Missy Peregrym: Sticks It!


Feisty, pretty actress Missy Peregrym had a career as a model but is the first to tell you that she is a tomboy at heart and is still searching for her "inner girl". After living most of her life in Canada, Missy moved to LA., transitioned into acting and was popular as Jackie, a hot beauty on ABC TV's "Life as We Know It".

The tall, athletic 23-year-old brunette, who has taught high school girls' basketball, took on another sport to portray Haley, a rebellious gymnast who walks out on a promising career and turns teen rebel due to family problems in the new film Stick It. The movie is written and directed by the writer of Bring It On, the popular hit film that showcased the funny and tough world of cheerleading.

In white jeans and a crisp yellow shirt for our interview, Missy looked very "college coed" as she took a few slugs of her Red Bull and told us all about training for very difficult gymnastic moves, her high school dating days, leaving her strong Canadian support system to move to L.A., how she feels about the cancellation of "Life", her strong opinions about empowering women and her quest for film roles featuring strong female characters. You go girl!

TeenHollywood: I was surprised to learn that you hadn't done any gymnastics. You were good in the film. Did you have a great double?

Missy: It's all of that. The camerawork was amazing, the way that they filmed it. I thought the double was phenomenal. When she came in, we were in the middle of training and I was terrified. I was like 'guys, I can't get that big'. She was so muscular and so strong. I was like 'I don't know how I'm going to do that'. I'm willing to work as hard as possible but I'm like 'this is going to look so weird'. But it actually worked out perfect. I just didn't want this movie to look fake in that sense and for people to get out of the story to notice the doubling. I thought it was really cool.

TeenHollywood: What were you really able to do by the end of the training? Hand stands?

Missy: Yeah. I kind of went in there thinking I could do everything [laughs]. I went in there and was like 'okay, cool. I can do a handstand' yeah for like a second. Then I thought I could do a cartwheel and a front handspring and I was like 'see'. And they were like 'no'. It's all about form and it really took four months to learn the basics of gymnastics plus just to get the strength to even try some of the difficult stuff. Obviously, it's such a dangerous sport and they are not going to be like 'okay, guys, we're going to do three back flips right now and we want to see you land on your feet'. I'd break my neck so really it was about getting my body to look like a gymnast.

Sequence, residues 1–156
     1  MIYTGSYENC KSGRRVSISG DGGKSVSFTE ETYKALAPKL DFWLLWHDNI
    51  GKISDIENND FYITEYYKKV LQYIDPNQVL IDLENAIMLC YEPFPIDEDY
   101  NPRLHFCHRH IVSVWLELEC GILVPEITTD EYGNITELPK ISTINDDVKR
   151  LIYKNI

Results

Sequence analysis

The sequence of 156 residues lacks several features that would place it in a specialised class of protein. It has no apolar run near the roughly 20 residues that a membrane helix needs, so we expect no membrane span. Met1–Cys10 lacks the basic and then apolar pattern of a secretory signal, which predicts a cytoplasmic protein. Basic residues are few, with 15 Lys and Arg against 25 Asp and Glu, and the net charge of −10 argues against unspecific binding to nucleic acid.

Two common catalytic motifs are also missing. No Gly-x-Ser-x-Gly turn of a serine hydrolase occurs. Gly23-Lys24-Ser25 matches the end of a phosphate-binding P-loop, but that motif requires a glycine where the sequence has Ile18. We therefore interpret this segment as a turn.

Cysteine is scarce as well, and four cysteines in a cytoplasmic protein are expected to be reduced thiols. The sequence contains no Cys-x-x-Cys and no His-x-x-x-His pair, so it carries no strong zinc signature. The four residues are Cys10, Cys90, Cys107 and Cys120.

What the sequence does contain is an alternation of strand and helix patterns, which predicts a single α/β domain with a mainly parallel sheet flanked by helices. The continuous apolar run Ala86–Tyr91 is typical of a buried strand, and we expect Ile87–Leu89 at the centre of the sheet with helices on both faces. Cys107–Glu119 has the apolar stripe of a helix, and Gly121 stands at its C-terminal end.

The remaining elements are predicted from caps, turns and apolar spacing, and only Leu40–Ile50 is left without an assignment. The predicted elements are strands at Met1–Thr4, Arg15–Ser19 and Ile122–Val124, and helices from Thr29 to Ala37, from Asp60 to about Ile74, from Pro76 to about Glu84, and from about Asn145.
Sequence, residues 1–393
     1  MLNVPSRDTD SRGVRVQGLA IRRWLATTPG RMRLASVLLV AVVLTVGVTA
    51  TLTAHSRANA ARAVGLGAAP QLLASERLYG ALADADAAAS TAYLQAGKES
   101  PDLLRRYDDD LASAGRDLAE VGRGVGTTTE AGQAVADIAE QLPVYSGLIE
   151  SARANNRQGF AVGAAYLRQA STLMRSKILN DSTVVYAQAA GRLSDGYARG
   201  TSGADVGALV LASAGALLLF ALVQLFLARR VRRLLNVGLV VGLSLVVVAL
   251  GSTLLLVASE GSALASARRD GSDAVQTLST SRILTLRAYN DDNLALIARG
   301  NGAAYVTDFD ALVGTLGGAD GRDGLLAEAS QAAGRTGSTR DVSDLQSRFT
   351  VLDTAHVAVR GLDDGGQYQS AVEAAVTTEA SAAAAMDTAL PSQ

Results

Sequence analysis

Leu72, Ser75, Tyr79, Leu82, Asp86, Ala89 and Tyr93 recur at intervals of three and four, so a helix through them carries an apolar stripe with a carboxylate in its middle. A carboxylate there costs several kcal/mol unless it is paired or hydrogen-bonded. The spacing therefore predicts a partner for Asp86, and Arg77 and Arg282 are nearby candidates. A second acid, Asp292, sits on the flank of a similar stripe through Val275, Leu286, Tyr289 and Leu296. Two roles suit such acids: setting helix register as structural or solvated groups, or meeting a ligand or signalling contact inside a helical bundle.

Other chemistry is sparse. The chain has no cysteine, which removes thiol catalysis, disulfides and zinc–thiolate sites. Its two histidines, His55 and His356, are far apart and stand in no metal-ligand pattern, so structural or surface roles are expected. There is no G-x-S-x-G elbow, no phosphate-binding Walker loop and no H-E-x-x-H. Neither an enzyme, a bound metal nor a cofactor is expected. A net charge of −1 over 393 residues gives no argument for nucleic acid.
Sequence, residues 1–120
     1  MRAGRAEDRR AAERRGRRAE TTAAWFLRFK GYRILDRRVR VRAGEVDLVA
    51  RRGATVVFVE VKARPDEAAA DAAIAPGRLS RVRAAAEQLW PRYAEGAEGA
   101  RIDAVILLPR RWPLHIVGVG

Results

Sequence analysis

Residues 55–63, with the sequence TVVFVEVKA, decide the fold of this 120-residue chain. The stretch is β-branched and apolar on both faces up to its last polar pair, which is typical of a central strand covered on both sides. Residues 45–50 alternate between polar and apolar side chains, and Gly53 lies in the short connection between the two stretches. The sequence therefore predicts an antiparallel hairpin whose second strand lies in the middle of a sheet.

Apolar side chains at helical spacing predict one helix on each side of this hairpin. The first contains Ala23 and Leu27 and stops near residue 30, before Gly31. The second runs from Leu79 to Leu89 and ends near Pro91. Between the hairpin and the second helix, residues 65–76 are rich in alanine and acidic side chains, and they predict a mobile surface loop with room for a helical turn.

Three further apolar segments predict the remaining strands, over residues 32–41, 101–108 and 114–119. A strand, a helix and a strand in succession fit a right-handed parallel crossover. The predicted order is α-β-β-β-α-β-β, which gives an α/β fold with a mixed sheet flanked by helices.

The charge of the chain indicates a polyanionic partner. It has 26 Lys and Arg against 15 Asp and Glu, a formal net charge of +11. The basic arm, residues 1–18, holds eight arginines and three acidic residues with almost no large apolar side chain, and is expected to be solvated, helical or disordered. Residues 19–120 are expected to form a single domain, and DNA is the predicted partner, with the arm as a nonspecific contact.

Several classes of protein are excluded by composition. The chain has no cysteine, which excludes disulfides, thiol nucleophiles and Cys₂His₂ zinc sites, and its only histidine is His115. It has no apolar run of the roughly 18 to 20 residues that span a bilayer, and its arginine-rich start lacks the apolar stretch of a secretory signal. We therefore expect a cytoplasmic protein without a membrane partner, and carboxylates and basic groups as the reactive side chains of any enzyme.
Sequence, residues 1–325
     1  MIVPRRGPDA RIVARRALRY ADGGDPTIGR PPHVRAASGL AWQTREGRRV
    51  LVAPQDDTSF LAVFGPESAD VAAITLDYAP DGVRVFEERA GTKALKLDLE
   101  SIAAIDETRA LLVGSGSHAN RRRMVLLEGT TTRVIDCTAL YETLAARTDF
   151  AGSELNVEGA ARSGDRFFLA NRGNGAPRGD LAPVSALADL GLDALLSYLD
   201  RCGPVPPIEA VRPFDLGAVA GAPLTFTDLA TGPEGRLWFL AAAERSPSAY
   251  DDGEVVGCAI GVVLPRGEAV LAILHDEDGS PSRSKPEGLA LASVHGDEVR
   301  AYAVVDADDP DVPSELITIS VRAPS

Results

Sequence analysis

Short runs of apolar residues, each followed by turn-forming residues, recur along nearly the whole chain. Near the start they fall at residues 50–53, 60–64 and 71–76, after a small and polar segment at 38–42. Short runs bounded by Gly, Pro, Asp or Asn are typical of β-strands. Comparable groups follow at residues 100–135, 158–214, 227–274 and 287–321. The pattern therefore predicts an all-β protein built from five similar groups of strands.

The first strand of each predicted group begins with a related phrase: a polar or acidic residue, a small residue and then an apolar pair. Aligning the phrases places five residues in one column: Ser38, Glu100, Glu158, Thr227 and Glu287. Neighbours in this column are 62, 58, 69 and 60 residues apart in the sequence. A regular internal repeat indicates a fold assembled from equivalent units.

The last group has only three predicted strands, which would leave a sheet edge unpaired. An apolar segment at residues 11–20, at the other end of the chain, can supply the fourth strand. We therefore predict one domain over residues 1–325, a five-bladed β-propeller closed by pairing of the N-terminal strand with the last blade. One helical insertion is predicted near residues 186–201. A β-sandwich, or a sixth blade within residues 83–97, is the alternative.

TeenHollywood: How much did you actually train?

Missy: We trained for four months, five days a week for six hours a day. That's a really long time. I was like 'yeah, this is going to be so much fun. I can't wait to get into this' and it was the most painful thing I've ever done. I was sore every day. Thank God Vanessa Lengies [who plays her nemesis in the film], was in the training with me because we just really bonded through that experience. It's so hard to get up every day and be that sore. You train and one day you can do every trick and nail everything but the next day you go in and can't do anything. 'Why can't I turn?' but that's just the way it is. It's a mental game. It's very emotional and, as our bodies were changing, it was demanding eating properly and being able to support how much we were working out.

TeenHollywood: Did it help you learn how hard the sport really is?